Nolan skimming the particulates out
controlled by another float, and you check that to see when it becomes syrup.  Bob has a hydrometer that floats to a pre-determined level when you put it into a cylinder filled with liquid and that is how we know the product is ready for bottling.  When it is ready, we run it off into a clean bucket, strain it though a cheesecloth, and then bottle it.  You have to pay attention at this point, as you are handling very hot sticky liquid which would burn like napalm if you spilled it on yourself.  We are using plastic syrup jugs in quart and pint sizes and after we cap them, we invert them for a while to seal them.  This weekend Bob gave us 2 quarts for our efforts, which just about equalled our total production from 2 years ago.  The process reminds me a lot of BBQing, as they both involve long stretches of fire tending while you are waiting for something to slow cook.  I think I've explained the process well enough and since I've already blogged about this topic, I'm going to let the remaining pictures tell the rest of the story, they'll do a better job than me, and without the bad puns.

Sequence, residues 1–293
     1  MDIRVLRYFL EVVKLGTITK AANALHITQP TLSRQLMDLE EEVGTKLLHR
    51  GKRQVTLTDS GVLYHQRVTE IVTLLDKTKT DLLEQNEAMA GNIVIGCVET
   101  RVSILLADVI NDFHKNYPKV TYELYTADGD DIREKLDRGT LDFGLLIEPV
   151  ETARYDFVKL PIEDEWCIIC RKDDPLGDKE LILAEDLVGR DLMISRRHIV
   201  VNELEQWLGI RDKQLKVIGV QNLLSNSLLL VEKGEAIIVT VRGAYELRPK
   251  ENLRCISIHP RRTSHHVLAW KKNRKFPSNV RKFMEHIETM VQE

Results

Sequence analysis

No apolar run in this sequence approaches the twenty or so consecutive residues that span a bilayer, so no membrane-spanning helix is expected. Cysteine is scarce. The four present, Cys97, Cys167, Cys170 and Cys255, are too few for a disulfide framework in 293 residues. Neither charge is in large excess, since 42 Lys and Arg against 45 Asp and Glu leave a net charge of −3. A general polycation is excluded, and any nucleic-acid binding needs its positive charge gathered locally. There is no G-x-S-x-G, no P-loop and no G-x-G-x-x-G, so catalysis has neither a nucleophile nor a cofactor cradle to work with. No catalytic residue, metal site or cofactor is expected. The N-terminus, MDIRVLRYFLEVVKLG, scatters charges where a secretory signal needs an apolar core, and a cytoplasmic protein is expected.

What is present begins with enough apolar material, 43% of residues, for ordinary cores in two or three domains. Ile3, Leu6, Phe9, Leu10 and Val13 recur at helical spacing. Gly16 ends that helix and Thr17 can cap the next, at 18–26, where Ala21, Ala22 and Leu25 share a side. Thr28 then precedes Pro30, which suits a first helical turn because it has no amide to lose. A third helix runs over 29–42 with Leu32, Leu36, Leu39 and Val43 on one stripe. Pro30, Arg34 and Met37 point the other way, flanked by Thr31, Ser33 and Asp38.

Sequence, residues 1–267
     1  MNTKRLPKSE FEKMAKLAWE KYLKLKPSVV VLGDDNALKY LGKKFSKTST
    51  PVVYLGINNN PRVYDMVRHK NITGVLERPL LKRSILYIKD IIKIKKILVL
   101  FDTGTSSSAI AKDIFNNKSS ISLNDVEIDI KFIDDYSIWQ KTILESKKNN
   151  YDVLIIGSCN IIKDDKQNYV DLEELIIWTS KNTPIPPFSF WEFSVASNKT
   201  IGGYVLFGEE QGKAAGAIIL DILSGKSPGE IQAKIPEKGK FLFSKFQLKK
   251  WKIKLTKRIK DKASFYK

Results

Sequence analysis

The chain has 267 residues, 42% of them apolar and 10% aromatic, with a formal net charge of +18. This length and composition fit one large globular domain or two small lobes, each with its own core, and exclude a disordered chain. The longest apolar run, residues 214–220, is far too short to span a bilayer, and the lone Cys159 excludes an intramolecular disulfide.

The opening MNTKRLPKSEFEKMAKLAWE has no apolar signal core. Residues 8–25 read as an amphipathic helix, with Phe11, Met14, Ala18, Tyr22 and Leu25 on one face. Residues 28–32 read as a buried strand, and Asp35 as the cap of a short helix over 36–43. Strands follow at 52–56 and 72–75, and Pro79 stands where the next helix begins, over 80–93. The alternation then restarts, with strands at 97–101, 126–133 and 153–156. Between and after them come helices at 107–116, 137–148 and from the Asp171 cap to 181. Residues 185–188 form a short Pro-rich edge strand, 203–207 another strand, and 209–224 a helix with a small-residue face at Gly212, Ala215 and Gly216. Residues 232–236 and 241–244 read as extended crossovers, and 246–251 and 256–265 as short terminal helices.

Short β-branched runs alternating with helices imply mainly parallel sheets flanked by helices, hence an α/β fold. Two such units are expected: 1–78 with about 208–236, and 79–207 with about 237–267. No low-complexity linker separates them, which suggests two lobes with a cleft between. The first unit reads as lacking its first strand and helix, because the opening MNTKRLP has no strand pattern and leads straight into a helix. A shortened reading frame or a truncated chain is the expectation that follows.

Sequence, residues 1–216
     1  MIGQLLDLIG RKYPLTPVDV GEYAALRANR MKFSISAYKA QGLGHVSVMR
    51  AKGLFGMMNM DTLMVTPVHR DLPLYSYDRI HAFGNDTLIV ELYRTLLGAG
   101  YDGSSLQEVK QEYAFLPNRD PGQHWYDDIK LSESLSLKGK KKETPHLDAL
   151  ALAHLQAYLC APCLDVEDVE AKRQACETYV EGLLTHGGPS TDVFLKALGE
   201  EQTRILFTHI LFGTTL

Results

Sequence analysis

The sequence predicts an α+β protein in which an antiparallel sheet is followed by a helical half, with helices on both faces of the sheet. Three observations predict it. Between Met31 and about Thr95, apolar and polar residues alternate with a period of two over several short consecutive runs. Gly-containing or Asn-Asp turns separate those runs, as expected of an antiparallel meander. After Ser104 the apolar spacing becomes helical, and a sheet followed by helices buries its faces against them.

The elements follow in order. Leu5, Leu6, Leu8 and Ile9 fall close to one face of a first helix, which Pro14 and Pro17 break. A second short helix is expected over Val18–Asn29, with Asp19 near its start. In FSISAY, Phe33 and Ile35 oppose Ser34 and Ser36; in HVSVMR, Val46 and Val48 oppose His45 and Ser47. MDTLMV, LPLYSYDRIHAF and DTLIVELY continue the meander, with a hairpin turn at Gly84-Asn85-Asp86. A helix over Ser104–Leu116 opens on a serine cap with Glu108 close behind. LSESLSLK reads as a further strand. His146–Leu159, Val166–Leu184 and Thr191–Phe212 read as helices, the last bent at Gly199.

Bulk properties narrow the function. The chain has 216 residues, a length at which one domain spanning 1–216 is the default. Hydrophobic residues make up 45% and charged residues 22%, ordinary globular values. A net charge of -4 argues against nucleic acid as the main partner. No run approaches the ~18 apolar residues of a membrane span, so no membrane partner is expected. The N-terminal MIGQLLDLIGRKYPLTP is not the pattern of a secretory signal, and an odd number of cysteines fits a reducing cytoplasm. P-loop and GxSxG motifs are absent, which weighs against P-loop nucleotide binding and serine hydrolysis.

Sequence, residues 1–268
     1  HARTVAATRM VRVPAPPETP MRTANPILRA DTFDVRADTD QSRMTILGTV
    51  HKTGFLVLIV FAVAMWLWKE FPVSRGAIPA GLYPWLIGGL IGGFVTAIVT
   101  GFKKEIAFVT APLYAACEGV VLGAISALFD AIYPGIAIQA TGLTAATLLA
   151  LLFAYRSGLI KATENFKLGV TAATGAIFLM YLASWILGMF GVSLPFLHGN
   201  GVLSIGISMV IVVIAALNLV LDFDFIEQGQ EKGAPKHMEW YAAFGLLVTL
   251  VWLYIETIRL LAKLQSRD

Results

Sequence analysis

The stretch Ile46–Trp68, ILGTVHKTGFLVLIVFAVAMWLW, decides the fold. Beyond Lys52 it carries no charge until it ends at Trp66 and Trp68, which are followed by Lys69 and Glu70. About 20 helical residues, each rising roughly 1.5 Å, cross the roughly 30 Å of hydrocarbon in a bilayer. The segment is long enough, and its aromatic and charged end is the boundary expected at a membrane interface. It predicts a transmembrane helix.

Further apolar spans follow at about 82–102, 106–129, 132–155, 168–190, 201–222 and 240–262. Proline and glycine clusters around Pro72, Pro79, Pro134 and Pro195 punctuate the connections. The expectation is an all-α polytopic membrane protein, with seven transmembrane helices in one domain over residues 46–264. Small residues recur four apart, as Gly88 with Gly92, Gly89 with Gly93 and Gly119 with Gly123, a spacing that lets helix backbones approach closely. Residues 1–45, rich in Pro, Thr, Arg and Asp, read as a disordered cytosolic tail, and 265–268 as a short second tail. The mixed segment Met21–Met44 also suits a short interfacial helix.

Holding tank and collection barrels

Nolan using the hydrometer
Filling the cyklinder to check the syrup

The finished product

Tuesday, March 5, 2013

The Garaj-Mahal

     You might be a redneck if you build your garage bigger than your house, so we are guilty as charged.  We bought our 100 year old home well after it was built, but we built our garage from the ground up and had a chance to cater it to our liking, and it ended up being larger than the original home.  Too big?  Nah, just big enough, read through and you will see.

Front view of building with BBQ smoker showing